A variety of companies and other organisations can be subject to the compulsory winding up procedures, including solvent and insolvent companies, as well as registered and unregistered companies. In the case of unregistered companies, there are three circumstances under which a company can be wound up:
- The company is dissolved, has ceased business, or is carrying on business simply to wind up its affairs;
- The company is unable to pay its debts;
- The court is of the opinion that it is just and equitable that the company should be wound up.
The normal winding up provisions apply to the closure of unregistered companies as they do to registered companies, although there are a few notable exceptions. The official receiver, who acts as the liquidator in all compulsory liquidations, will exercise their powers when winding up an unregistered company in the same way they would a registered company. They will report to the Secretary of State on the conduct of company directors and any criminal offences they may have committed. If directors are found to have acted incorrectly, they could be subject to fines, directorship bans and even imprisonment.
The role of ‘contributories’
One of the biggest differences between the winding up of registered and unregistered companies is the role of ‘contributories’. A contributory is a person who is liable to ‘contribute’ to the assets of a company on winding up. In most cases this tends to be shareholders who have not paid their shares in full, but it can also apply to company directors if:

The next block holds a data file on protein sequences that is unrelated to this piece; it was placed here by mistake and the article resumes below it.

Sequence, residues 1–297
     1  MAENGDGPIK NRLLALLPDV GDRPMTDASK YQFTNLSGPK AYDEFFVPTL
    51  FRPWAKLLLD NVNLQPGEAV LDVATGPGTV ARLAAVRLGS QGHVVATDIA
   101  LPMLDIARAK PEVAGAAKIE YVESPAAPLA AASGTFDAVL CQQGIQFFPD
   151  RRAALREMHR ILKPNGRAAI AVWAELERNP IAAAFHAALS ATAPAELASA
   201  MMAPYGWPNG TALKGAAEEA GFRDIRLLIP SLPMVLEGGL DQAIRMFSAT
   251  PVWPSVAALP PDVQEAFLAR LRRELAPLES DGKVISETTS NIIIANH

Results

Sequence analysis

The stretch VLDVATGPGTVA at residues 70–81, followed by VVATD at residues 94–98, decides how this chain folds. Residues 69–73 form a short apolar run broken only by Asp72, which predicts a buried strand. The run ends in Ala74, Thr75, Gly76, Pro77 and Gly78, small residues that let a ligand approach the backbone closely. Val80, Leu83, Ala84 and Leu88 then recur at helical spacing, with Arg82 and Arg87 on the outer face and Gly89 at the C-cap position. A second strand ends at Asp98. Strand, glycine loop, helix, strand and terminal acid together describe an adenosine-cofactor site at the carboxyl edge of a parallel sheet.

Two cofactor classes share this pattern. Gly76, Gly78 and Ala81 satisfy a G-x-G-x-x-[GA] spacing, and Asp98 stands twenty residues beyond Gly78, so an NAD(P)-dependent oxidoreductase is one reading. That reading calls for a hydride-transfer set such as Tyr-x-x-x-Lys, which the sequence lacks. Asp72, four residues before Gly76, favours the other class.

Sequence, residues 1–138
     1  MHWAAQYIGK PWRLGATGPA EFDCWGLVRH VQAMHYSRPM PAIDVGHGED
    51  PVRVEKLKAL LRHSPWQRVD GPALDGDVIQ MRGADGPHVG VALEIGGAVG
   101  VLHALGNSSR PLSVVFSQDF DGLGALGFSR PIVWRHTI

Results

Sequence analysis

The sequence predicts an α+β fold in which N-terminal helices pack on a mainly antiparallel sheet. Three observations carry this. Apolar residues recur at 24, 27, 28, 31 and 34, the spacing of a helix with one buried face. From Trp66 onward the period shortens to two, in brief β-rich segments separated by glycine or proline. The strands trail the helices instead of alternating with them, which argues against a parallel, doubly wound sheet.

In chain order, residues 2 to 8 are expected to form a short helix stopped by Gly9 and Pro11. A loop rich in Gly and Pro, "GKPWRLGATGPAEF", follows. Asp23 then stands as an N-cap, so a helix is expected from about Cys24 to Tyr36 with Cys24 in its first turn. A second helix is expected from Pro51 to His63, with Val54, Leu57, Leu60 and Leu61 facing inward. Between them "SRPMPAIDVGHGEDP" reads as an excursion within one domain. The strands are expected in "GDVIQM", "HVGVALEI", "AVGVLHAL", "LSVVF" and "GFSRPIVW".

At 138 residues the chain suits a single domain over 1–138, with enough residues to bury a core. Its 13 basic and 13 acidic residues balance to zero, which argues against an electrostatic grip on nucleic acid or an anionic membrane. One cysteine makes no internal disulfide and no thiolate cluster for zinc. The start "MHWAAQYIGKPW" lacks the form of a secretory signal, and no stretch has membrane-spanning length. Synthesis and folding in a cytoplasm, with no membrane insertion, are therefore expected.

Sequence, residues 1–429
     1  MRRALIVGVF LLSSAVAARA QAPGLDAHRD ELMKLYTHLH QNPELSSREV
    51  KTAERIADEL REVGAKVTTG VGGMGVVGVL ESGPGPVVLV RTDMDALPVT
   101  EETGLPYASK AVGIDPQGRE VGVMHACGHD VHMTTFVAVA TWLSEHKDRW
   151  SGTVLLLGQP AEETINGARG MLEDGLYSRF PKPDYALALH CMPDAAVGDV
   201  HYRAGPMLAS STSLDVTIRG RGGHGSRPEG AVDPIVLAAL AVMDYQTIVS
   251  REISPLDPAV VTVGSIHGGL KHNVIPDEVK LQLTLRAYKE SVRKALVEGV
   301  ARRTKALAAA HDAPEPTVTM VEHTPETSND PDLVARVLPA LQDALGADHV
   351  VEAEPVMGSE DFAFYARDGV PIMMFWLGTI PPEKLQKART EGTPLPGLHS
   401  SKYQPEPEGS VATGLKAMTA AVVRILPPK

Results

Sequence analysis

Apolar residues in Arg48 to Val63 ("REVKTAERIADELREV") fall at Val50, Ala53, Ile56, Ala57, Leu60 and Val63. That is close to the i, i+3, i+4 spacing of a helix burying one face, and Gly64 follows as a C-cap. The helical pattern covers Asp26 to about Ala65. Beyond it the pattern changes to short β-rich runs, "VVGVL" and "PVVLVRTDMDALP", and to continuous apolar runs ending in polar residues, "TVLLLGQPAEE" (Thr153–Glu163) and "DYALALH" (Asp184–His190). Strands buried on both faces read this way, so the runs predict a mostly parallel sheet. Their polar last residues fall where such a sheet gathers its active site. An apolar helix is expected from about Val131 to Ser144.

- They did not fulfil their directors’ duties
- They committed an act of misconduct or broke a statutory provision
- They are a debtor of the company i.e. they have an overdrawn loan account
If the assets of the company are insufficient to meet the company’s debts, contributories will be called on to meet these debts. The will have to pay:
- Any debt or liability of the company
- Any sum for adjustment of rights of members among themselves
- Any cost, charges and expenses of winding up
If there are insufficient assets to cover the company’s debts in the liquidation of an unregistered company, a call will made on the contributories. In this case, the first job of the official receiver is to settle the list of contributories and then make sure at least some of the contributories have funds they are able to pay.
To settle the list of contributories, the official receiver will note the names and addresses of each contributory and categorise them into classes depending on the level of contributions sought. The official receiver will then send notice to the contributories advising them that they appear on the list. They will also invite them to make representations, within 21 days, as to why they should not appear on the list.
The official receiver will also check that at least some of the contributories have funds to pay. To do this they may write to each contributory and request payment proposals for their liabilities. If the official receiver believes pressure will have to be applied to make the contributories pay, a formal call for the payment can be made. If there is still no payment, the official receiver will ask the creditors of the unregistered company whether they are funds available to begin legal proceedings to recover the liabilities.